To grow healthy food we must create soil conditions that enable plants to get the best possible nutrition in their growing cycle. Compost is one of the most important tools organic food gardeners can use to improve soil fertility and plant nutrition. Good compost reduces weeds, improves soil humus levels, structure and fertility, improves soil drainage, helps retain soil moisture levels, increase air and water flow through the soil and stimulates necessary soil microbial activity.
All of this helps create optimal plant nutrition. Composting is also an excellent way to recycle kitchen and household waste so that it becomes a valuable resource instead of pollution causing landfill.
There are two basic methods of making compost. These are hot composting and cold composting. The method you use should depend on how much time and effort you want to spend on compost making, what materials you have available, the quantity of materials at hand, and the result you want to achieve.
Hot composting relies on heat generated by composting microbes to speed up the natural rate of decomposition. It’s a great method to use for quick, good quality, weed free compost, if you have a lot of material to compost, or if you are worried about disease causing microbes breeding in your compost. The heat sterilizes any dangerous microbes and kills unwanted weed seeds so is safe to use on salad, vegetable and herb gardens. This method is also good if you are concerned compost might bring weeds, pests or diseases.
Hot composting requires more work than cold composting though. A hot compost heap requires regular monitoring to ensure it heats up properly (to an internal temperature of at least 450C) and doesn’t dry out or get too wet. Too dry or too wet heaps won’t heat up properly. Hot compost heaps also require regular turning to allow air to circulate and keep the temperature high, and enough material to make a large enough heap (about 1 metre high and a metre wide at minimum). A too small heap won’t generate enough heat to sterilize weed seeds or disease carrying microbes.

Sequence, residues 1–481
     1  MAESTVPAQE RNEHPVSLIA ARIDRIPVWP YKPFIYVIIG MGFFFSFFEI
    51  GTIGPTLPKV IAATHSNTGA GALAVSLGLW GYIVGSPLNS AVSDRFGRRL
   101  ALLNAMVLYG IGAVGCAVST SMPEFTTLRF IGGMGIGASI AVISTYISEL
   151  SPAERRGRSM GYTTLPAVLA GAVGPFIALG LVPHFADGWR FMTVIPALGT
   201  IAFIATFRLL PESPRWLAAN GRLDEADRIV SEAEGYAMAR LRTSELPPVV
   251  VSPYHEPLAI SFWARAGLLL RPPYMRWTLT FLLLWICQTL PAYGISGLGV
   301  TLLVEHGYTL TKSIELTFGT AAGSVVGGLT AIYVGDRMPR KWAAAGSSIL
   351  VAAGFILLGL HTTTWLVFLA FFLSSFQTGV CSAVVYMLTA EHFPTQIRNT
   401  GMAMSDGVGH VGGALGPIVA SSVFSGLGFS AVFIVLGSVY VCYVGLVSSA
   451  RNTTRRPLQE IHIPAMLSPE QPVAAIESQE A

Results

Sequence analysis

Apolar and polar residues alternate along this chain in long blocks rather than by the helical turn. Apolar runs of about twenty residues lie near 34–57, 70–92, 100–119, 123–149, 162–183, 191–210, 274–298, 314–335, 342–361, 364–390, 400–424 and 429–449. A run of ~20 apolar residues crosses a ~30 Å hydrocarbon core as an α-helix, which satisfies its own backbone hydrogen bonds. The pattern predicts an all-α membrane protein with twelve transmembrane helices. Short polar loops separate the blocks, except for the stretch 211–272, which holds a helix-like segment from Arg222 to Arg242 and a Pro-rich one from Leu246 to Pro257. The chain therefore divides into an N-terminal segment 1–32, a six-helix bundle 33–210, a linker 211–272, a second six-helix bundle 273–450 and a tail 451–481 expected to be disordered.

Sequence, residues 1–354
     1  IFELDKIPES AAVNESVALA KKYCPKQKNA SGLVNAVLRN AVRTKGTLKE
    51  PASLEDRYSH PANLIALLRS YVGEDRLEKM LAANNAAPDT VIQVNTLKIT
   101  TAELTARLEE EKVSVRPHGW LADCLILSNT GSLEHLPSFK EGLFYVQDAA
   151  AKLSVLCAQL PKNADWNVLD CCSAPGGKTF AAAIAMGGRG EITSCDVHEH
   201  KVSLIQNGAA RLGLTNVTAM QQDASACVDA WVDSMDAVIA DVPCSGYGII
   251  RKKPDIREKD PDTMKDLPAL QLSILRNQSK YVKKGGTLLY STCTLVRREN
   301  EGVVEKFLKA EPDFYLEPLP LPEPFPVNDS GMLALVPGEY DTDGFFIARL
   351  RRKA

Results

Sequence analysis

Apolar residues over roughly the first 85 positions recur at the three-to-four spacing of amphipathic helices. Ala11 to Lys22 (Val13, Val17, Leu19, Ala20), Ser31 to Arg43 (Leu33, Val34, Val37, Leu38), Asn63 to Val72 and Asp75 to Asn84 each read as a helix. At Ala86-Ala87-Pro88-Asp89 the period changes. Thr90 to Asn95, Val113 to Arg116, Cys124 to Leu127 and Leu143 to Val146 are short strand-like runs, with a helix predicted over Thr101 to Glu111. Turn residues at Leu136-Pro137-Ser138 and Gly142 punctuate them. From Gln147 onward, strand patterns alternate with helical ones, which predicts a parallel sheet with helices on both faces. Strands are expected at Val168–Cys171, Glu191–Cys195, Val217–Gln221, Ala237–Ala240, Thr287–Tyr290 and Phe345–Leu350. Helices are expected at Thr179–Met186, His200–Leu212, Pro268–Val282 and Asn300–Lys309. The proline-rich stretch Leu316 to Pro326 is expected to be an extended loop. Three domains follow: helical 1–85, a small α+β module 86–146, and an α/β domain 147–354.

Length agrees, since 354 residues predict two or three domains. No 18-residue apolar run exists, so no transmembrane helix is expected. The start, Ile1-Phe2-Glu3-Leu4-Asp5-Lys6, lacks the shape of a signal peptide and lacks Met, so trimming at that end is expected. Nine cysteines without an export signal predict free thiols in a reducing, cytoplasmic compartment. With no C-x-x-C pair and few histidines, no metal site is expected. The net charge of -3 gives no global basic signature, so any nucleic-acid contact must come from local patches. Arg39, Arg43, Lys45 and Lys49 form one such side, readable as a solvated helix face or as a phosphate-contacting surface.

If your heap is large enough and contains a balanced mix of compost materials, including sufficient nitrogen rich materials to fuel enough heat generating microbes, the temperature in the heap should begin to rise after three or four days. Monitor the temperature every day. When the temperature begins to drop, turn the heap to re-stimulate microbial activity and cause a new temperature rise. All hot composts require at least 3 or 4 turnings. Turning aerates the heap, mixes the organic matter and re-stimulates the necessary intense microbial activity that heats up the heap.
‘Cool’ composting involves the slow breakdown of organic matter at normal outdoor temperatures. Because cool compost heaps don’t heat up to the high temperatures of hot compost heaps, weed seeds or disease causing microbes might not be eliminated. On the other hand, cool composting enables one to add small amounts of waste to the heap over time, and the heap doesn’t need turning or monitoring.
Cool composting is ideal for conditions where the amount of organic material, labour, time and space for building large compost heaps are in short supply. You can use cool method compost on food gardens, as long as you avoid adding materials that might carry diseases or pests, such as manures or animal products, weed seeds, or diseased plants.